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Recent events in air freight have made the sector more attractive to investors, a long-held wish of the industry.
One private equity investor, Greenlight Capital, has taken a “new, large equity position” in Atlas Air Worldwide Holdings, citing lack of air freight capacity in the market.
“Over the next three years, we don’t expect many large freighters to be either produced or converted from passenger service given the cost and lead-times involved,” the company told partners.
“Prior to Covid-19, approximately 50% of air freight was carried in the belly of passenger planes, mostly on long-haul international flights. With long-haul international passenger traffic down more than 90% year over year (and likely to be the last segment of passenger travel to recover), there is a historic shortage of air freight capacity,” it said.
“Market shipping rates increased by 100% year over year in the second quarter and are expected to remain strong. As a result, we expect AAWW to see significant growth in earnings per share in 2020 (from the $5.24 it earned in 2019).
“While most of the increase will occur in earnings from AAWW’s charter segment, AAWW also has attractive and substantial long-term relationships serving DHL and Amazon, which stand to benefit from the growth in e-commerce and relatively steady business supporting the US military.”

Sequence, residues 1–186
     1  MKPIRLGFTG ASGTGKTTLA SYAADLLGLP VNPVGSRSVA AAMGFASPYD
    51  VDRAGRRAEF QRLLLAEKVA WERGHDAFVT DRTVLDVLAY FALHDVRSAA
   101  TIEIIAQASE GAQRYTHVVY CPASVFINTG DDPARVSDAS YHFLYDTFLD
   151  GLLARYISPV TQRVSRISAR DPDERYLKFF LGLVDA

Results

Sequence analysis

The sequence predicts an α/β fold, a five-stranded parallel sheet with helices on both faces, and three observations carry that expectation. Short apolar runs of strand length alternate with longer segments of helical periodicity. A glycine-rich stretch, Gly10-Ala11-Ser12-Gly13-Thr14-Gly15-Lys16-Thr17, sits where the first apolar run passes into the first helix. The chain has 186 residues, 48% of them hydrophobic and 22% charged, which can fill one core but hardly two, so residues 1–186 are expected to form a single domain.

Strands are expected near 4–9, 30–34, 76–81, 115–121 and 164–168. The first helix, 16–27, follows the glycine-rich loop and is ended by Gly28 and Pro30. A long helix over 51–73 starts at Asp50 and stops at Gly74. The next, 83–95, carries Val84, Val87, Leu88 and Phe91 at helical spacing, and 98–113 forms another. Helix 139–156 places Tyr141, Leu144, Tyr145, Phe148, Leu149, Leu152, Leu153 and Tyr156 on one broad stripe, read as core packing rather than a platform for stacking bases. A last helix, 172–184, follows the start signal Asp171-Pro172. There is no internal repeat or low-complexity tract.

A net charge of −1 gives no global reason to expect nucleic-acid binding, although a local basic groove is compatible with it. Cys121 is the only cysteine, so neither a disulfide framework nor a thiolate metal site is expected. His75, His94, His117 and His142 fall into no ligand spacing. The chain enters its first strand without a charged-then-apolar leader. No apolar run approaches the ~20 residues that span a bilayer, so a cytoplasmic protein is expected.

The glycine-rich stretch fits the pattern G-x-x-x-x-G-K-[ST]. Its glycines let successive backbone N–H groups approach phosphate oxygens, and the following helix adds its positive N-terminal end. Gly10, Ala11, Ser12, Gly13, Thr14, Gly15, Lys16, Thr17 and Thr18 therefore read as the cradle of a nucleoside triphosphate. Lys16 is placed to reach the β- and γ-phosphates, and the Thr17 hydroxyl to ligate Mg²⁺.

Greenlight bought the shares at 0.54 x Q1 tangible book value, and approximately seven times 2019 earnings that were achieved during much more competitive conditions, it said.
Greenlight also bought shares in AerCap, an aircraft leasing company.
While Greenlight clearly sees profit in the air freight market – for those with freighters – one observer noted that the problems Atlas had before the Covid-19 pandemic remained, including its poor relationship with its pilots. But with many more pilots seeking work, even that issue could fade.
And other businesses will be watching closely to see if, finally, the investment market begins to take air cargo seriously.